The irony of 2016 has hit Jordan in various ways, much like the year has hit all of us in different levels. HB2 affected the city of Charlotte and cost them the 2017 NBA All-Star Game. Jordan was a vocal proponent against the bill and understood the league moving the game.

Michael Jordan speaking about the recent police shootings in Dallas, Baton Rouge & Falcon Heights is a larger, larger thing.

In a letter to ESPN’s The Undefeated, Jordan wrote that he could “no longer stay silent” on the issue, pledging $1 million apiece to the NAACP Legal Defense Fund & Institute for Community-Police Relations, a chapter created by the International Association of Chiefs of Police.

Jordan’s vocal power is large enough. The donation to the NAACP Legal Defense Fund, a group that separated itself from the NAACP in 1957 is a bold one. The group’s first President was Thurgood Marshall from 1940 to 1951 and its campaign against segregation led to the eventual Brown v. Board of Education case in 1954. It’s legal arm has worked towards removing bias from policing in municipalities ranging from Ferguson to Stockton, CA and has remained steadfast in fighting inadequacies in the criminal justice system. In a way, the LDF operates the same way Jordan does in his “activism”. They’re “quiet” and work within the moments that aren’t bright, when the stories fade to the back page. Donating money to the IACP’s Institute for Community-Police Relations essentially is a donation to a fraternal order of police in an effort to improve community relations.

Jordan may have made a step here, but it’s only a half step. Donating $2 million to improve community relations is one thing, not explicitly addressing the elephant in the room is another.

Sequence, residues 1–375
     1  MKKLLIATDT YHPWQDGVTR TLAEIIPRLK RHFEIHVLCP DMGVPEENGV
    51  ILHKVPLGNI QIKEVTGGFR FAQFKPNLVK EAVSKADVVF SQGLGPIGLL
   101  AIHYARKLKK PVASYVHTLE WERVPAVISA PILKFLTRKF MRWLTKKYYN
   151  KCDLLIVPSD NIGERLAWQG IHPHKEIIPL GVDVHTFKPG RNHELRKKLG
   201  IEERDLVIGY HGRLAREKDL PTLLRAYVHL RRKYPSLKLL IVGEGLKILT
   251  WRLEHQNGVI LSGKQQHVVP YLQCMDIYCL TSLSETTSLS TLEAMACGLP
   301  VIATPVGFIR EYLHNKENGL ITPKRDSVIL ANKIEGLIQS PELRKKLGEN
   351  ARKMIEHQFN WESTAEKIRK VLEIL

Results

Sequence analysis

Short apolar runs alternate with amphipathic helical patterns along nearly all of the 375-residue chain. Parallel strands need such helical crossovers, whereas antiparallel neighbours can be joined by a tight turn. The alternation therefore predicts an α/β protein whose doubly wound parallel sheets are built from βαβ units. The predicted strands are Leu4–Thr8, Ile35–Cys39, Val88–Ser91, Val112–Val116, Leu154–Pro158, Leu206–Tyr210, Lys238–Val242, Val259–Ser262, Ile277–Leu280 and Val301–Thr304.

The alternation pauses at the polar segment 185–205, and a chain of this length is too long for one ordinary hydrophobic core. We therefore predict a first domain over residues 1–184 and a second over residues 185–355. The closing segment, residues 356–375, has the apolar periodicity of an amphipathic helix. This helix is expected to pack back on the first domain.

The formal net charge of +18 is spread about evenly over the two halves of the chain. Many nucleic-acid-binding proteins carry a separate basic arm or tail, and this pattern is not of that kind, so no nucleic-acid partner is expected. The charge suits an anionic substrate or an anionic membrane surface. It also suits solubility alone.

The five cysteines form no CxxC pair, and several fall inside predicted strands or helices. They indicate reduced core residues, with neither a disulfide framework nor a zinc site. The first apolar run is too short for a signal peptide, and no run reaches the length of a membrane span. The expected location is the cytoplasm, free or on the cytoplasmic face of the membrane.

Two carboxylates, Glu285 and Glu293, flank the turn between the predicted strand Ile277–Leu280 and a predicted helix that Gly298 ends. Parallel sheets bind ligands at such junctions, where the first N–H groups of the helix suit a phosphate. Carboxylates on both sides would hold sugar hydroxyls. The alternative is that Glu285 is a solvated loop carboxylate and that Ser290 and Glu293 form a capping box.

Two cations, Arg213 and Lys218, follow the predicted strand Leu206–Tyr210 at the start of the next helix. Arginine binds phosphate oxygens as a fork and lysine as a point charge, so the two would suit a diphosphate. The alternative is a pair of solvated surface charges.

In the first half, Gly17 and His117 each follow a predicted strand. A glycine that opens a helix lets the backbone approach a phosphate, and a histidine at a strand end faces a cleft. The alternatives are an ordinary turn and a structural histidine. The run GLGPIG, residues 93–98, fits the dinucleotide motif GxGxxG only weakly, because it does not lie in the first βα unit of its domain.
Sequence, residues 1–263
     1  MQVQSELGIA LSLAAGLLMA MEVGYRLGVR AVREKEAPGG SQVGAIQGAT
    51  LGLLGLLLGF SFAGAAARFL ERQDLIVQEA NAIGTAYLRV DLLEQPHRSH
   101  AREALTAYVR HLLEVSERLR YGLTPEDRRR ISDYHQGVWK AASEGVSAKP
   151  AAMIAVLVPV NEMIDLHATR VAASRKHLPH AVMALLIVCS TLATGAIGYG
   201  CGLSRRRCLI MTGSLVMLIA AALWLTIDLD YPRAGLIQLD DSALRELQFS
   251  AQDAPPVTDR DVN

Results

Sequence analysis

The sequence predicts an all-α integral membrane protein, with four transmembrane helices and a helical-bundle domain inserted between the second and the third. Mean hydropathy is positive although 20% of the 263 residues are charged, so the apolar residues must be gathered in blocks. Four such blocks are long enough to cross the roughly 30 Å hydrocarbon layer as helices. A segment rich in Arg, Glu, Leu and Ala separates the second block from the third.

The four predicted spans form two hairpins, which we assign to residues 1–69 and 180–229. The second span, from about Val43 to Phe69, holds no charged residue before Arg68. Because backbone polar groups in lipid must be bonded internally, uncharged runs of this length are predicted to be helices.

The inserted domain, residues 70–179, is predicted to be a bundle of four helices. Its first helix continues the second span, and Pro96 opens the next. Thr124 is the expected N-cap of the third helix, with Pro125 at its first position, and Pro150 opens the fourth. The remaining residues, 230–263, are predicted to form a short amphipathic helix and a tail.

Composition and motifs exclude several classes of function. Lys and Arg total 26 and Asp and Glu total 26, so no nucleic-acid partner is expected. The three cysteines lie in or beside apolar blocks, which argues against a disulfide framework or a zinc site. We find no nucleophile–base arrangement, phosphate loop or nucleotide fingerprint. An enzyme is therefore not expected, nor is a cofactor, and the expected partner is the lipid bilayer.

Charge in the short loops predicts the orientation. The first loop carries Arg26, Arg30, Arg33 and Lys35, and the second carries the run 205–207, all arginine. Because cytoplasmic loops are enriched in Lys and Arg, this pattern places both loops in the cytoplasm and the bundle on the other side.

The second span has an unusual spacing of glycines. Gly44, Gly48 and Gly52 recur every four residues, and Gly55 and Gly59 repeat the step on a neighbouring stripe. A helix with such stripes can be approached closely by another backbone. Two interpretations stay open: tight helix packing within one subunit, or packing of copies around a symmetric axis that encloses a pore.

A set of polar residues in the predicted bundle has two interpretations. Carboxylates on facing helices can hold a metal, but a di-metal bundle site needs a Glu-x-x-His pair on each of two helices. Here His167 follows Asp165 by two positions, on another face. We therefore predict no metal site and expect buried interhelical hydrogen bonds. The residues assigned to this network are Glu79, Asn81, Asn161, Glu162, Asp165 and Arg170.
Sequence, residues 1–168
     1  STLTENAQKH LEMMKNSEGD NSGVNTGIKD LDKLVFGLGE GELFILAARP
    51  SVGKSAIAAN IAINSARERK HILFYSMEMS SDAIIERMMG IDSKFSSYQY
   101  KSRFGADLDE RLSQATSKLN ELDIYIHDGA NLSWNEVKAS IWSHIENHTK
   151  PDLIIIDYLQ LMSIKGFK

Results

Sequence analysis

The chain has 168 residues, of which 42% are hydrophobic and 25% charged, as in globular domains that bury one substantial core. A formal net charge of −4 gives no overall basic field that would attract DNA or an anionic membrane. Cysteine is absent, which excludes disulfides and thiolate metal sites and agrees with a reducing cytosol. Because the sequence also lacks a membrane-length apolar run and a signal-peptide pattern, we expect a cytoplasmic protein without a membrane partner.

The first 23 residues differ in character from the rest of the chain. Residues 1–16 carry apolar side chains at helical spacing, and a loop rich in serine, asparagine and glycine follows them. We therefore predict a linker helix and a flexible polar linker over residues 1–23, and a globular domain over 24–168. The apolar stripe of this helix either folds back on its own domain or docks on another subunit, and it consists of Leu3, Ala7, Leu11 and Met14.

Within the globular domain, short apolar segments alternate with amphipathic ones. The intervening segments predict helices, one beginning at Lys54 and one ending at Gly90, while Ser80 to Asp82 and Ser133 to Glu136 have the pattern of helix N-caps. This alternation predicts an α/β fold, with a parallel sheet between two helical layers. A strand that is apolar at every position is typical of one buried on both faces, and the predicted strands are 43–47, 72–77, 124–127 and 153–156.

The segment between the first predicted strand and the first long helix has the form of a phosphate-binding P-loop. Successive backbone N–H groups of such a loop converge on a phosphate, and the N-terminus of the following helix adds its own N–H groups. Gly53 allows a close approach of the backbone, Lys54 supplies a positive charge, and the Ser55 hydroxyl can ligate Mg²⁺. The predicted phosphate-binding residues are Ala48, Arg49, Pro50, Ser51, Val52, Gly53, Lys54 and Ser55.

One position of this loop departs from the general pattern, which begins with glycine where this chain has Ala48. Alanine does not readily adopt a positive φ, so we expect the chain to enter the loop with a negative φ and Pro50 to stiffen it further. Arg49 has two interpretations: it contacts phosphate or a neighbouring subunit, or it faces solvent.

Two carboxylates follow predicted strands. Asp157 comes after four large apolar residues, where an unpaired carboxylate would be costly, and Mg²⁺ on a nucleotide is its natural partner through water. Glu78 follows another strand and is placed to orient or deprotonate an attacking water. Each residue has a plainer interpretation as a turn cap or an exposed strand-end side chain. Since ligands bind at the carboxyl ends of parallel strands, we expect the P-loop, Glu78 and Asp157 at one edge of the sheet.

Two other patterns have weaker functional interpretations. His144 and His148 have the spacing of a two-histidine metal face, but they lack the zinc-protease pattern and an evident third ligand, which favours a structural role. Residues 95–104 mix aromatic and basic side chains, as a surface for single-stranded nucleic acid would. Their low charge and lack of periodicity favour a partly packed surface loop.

The case against Jordan

At the crux of all of this, the improper policing, the biases lobbied upon black and brown people and more is racism. It was ignored completely and given a status of general apathy during the President’s Town Hall earlier this month. It was also ignored in Jordan’s letter.

He’s right, improved relations between the police and the citizens they’re asked to protect has to occur. Saying we need to find solutions to ensure that “people of color receive fair and equal treatment” is an essential statement. Also letting it be known that policing in regards to him as arguably the most famous person on Earth and other men & women who may look like him is also a key point for Jordan. But all of it feels like something old, some of the same ethos preached by President Obama that ultimately feels like lip service to one side and an eye roll for the other.

Saying all of this without detailing the root is what may bother me and many others. It may bother people who already have fostered thoughts about Jordan due to his perceived lack of empathy in regards to the pricing of his shoes and people murdering one another over them. In one way, Jordan won’t win over people that way. He’ll forever be the butt of jokes (non Jordan Cry Face) and scorn for the believed “overpricing” of his shoes when the market dictates such things. Carmelo Anthony, a Jordan Brand athlete who used the 2016 ESPYs as a platform to discuss state sanctioned murder against black men said Jordan’s move was “brilliant and about time”. The about time part may be stinging but it’s right.

Jordan’s father was murdered in 1993 and it’s burned at him ever since. Jordan’s also the father of two black boys who while rich and born in affluence may get the same treatment of anyone who doesn’t look like Michael Jordan. To have him verbally decry frustrations in watching videos of black men and women die at the hands of police is a step in the right direction. To have him also echo similar statements of toeing the line as the President will frustrate plenty of others. The thing is, he also isn’t behooved to make these statements but that’s another conversation to have.

But Michael Jordan saying something has more ramifications than anything.